The FDA said that as of December 21 it had received reports of 90 patients who developed nephrogenic systemic fibrosis or nephrogenic fibrosing dermopathy (NSF/NFD) after receiving gadolinium-based contrast as part of an MRI or MR angiography study. Worldwide, about 215 patients with NSF/NFD have been reported; of these, the medical histories of 75 were reviewed in detail, and all had received gadolinium contrast, the FDA said.
Reports began surfacing in June 2006 that patients were developing NSF/NFD following gadolinium studies, and at the time the FDA said it had learned of 25 cases.
In its latest advisory, the FDA said that cases of NSF/NFD began from two days to 18 months after exposure to gadolinium. Many, but not all, of the patients received a high dose of the contrast, and some received only one dose.
In light of the reactions, the FDA issued the following advisory:
Patients who believe that they may have NSF/NFD should contact their doctor. NSF/NFD is characterized by areas of tight, rigid skin and scarring of body organs. Signs of NSF/NFD also include: burning, itching, swelling, hardening and tightening of the skin; red or dark patches on the skin; yellow spots on the whites of the eyes; stiffness in joints with trouble moving or straightening the arms, hands, legs, or feet; pain deep in the hip bones or ribs; and muscle weakness.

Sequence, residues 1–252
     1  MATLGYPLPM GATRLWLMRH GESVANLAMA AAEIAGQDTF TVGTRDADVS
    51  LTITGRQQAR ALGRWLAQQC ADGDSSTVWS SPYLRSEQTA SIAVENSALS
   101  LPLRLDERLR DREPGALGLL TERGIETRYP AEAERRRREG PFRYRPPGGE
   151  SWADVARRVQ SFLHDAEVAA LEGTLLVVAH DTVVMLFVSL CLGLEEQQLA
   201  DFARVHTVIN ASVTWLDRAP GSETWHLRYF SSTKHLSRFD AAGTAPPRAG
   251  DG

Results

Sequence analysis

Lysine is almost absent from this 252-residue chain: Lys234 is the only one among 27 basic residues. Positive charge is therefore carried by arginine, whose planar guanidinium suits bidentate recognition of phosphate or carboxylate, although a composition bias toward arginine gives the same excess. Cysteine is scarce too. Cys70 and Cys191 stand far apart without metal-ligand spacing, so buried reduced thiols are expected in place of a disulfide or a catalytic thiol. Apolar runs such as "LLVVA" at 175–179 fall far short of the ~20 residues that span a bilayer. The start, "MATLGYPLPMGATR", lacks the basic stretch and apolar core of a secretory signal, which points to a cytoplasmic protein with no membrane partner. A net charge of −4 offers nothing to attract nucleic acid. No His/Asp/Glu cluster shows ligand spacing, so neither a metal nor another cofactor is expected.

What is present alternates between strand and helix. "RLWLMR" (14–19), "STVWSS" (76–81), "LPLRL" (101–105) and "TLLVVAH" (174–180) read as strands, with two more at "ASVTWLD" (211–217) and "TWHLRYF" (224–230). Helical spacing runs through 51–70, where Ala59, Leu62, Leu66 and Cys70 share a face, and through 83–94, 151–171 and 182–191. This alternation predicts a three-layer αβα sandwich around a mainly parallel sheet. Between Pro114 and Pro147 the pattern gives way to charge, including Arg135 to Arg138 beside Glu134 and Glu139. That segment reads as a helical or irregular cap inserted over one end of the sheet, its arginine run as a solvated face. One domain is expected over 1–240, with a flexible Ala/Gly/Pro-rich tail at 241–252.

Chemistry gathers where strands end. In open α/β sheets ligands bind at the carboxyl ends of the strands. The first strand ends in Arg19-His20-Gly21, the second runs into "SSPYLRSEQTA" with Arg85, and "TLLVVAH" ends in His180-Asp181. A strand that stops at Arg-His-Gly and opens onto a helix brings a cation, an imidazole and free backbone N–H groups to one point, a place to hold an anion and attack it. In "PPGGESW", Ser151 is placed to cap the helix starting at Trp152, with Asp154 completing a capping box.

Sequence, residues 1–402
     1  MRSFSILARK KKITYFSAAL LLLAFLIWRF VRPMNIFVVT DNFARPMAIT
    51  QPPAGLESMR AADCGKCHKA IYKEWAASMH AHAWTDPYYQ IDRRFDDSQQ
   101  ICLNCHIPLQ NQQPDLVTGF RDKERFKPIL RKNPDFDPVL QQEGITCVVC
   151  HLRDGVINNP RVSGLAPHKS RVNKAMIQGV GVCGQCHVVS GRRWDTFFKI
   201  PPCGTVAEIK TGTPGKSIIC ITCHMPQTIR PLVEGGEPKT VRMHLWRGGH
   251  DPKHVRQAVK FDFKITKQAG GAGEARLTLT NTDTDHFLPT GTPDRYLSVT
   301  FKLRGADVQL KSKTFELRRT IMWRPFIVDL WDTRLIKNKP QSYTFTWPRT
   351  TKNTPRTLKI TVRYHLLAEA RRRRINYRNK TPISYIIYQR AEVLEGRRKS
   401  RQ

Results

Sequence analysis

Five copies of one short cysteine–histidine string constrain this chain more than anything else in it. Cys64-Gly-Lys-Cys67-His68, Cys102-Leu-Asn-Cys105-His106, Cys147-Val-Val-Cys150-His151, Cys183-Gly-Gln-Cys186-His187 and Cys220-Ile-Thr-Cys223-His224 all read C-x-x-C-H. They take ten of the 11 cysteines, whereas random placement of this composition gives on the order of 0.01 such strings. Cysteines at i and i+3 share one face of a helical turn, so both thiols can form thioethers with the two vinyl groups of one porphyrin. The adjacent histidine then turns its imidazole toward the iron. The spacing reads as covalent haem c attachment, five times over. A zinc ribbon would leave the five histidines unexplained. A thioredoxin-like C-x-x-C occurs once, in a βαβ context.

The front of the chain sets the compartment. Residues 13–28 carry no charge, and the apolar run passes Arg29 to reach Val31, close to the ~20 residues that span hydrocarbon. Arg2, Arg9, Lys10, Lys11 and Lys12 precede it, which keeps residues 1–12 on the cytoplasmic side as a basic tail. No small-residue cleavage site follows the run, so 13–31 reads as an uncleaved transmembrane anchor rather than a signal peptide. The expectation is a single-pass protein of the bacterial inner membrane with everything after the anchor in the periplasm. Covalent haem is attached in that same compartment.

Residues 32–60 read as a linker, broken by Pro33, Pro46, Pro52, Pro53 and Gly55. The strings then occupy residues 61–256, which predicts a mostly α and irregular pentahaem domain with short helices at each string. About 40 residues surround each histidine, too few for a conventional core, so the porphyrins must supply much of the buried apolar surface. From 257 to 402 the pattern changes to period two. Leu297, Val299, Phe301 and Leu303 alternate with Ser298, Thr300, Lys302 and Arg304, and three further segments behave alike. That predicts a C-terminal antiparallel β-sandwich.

Physicians should try to choose imaging modalities other than MRI or MRA with gadolinium contrast in patients with moderate or end-stage kidney disease. If the patients must receive a gadolinium contrast agent, physicians should consider ordering dialysis promptly afterward.
Healthcare professionals and patients should report possible cases of NSF/NFD to the FDA through the agency's MedWatch program at 1-800-FDA-1088, or by the Internet at www.fda.gov/medwatch/index.html.
The agency said that there are five gadolinium-containing contrast agents approved for use with MRI: Omniscan (GE Healthcare, Chalfont St. Giles, U.K.), OptiMark (Mallinckrodt, Hazelwood, MO), Magnevist (Berlex, Montville, NJ), ProHance (Bracco Diagnostics, Princeton, NJ), and MultiHance (Bracco). The FDA said that while NSF/NFD cases have been linked to only three of the five products, the agency believes that there is the potential for the disease to occur with any of the agents.
By AuntMinnie.com staff writers
December 26, 2006
Link between gadolinium exposure and skin disease strengthened, November 22, 2006
FDA issues gadolinium health advisory, June 15, 2006
GE investigates Omniscan cases, June 12, 2006
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